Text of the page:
Therefore, according to the present invention, a method is provided for forming a semiconductor device structure with P-channel load devices of an integrated circuit, and the integrated circuit formed thereby, by forming a first insulating layer over a substrate. The first insulating layer is patterned and etched to expose an underlying conductive structure. A metal containing layer is formed over the integrated circuit, patterned and etched to define a shared contact region covering the exposed underlying conductive structure. A first conductive layer is formed over the integrated circuit, patterned and etched to define a first gate electrode of a first P-channel field effect device. A gate oxide layer is formed over the first gate electrode of the first P-channel device. A second conductive layer is formed over the integrated circuit, patterned and etched to define a source/drain and channel region of the first gate electrode of the first P-channel device.
The novel features believed characteristic of the invention are set forth in the appended claims. The invention itself, however, as well as a preferred mode of use, and advantages thereof, will best be understood by reference to the following detailed description of an illustrative embodiment when read in conjunction with the accompanying drawings, wherein:
FIGS. 1-2 illustrate a schematic representation of the SRAM prior art circuit.
FIGS. 3-6 illustrate a preferred method for fabricating a semiconductor device structure, according to the present invention.
The process steps and structures described below do not form a complete process flow for manufacturing integrated circuits. The present invention can be practiced in conjunction with integrated circuit fabrication techniques currently used in the art, and only so much of the commonly practiced process steps are included as are necessary for an understanding of the present invention. The figures representing cross-sections of portions of an integrated circuit during fabrication are not drawn to scale, but instead are drawn so as to illustrate the important features of the invention.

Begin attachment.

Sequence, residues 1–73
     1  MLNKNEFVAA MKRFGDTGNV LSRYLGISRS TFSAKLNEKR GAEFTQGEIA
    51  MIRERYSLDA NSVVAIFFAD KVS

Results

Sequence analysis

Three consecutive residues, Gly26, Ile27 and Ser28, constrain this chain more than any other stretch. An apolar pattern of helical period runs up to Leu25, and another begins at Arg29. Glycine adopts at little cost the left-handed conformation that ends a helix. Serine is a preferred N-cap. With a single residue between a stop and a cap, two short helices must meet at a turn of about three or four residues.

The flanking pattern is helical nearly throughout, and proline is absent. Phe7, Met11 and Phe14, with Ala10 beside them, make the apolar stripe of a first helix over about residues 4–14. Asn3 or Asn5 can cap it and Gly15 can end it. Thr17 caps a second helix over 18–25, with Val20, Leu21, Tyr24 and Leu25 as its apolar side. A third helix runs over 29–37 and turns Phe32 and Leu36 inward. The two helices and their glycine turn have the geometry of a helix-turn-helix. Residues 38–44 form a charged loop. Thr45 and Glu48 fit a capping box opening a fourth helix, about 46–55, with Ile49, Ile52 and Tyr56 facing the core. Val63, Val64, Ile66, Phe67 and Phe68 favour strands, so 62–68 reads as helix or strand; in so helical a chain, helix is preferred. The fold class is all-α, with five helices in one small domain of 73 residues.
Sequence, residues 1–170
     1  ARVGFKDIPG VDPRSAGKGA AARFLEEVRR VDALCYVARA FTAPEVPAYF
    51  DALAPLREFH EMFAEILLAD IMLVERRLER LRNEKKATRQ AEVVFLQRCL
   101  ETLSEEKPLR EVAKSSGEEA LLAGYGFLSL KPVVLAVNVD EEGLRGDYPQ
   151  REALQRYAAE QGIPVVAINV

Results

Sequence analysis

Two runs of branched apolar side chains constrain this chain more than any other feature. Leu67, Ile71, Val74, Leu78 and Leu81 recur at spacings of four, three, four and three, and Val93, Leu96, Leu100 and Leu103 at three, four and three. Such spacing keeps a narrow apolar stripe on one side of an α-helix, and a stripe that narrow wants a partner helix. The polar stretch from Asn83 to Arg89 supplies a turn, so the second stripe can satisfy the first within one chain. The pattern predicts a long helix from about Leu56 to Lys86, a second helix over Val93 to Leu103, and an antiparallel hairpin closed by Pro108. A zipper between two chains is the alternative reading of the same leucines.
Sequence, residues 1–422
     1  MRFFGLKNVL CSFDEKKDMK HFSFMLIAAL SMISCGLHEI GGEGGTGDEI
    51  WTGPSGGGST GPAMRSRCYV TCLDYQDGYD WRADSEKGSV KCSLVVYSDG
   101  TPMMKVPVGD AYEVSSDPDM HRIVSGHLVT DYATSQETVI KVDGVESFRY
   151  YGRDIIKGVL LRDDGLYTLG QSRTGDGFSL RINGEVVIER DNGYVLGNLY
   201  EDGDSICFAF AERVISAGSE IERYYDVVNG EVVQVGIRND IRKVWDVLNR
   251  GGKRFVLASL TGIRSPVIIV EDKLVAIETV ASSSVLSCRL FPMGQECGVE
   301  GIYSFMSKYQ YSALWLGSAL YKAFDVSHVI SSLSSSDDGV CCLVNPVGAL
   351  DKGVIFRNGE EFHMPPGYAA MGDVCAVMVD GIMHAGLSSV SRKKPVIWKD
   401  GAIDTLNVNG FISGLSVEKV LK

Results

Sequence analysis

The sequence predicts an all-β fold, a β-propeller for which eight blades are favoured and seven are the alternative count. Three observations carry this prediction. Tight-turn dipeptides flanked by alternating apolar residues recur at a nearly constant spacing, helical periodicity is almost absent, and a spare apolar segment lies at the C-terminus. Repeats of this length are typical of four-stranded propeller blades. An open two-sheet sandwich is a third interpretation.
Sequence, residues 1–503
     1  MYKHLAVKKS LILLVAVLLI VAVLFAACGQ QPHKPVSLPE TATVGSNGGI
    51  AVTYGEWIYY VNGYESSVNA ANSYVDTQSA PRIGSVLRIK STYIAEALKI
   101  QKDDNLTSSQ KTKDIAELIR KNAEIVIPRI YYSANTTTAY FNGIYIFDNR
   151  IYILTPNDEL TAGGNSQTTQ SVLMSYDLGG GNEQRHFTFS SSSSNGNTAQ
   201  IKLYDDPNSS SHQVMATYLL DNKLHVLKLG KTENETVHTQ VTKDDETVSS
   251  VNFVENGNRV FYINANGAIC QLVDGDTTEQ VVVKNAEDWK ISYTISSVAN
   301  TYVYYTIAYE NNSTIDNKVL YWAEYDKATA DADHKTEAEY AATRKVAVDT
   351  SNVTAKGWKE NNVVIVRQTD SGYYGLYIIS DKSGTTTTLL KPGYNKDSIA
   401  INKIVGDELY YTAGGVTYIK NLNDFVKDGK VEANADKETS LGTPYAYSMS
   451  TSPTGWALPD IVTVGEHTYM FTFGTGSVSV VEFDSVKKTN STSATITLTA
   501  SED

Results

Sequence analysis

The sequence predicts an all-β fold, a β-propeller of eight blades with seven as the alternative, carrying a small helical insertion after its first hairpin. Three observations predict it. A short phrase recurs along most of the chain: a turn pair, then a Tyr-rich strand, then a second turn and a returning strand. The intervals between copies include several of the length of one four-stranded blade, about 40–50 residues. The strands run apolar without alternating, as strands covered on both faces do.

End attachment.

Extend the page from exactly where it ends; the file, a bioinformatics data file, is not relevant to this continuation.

Referring to FIG. 3, an integrated circuit device is to be formed in a silicon substrate 10. Selected regions of the substrate 10 are oxidized to form a field oxide insulating region 12. A first N-channel field effect device 14 having a gate oxide layer 16, a first gate electrode 18, sidewall oxide spacers 20 and source/drain regions 22, 24 are manufactured by methods known in the art. Gate electrode 18 is generally formed from a first polycrystalline silicon layer, such as commonly used to form gate electrodes or field effect devices. A second N-channel field effect device 26 is formed by methods known in the art having a gate oxide layer 28 and a second gate electrode 30. As with the first N-channel field effect device 14, the second N-channel field effect device 26 is generally formed from a first polycrystalline silicon layer. The source/drain region 22 of device 14 and the gate electrode 30 form the interconnected conductive structures of the N-channel devices.
Referring to FIG. 4, a first oxide insulating layer 34 is formed over the integrated circuit by known methods. Insulating layer 34 is patterned and etched to expose a portion of the underlying conductive structure source/drain region 22 of device 14. A portion of the second gate electrode 30 of the second N-channel device 26 may also be exposed during the patterning and etching steps. Source/drain region 22 and gate electrode 30 of the first and second N-channel field effect devices respectively are typically implanted with a N+ type dopant such as arsenic or phosphorus.
Device fabrication up to this stage utilizes conventional process steps well known in the art. Historically, the SRAM cell is built with all N-channel and P-channel field effect devices or transistors being formed in the substrate. In order to increase packing density while maintaining better electrical characteristics using P-channel transistors as load devices, the P-channel transistors in the present invention are stacked above the N-channel transistors.
A metal containing layer 36 is deposited over the surface of the integrated circuit. Layer 36 is preferably a refractory metal or a refractory metal silicide such as tantalum or tantalum silicide respectively. Metal layer 36 is deposited by sputtering. The metal containing layer 36 is then patterned and etched by methods known in the art to form a shared contact region disposed over the exposed portions of source/drain region 22. Layer 36 will also be disposed over a portion of gate electrode 30 if gate 30 was exposed during the patterning and etching process of the first insulating layer 34.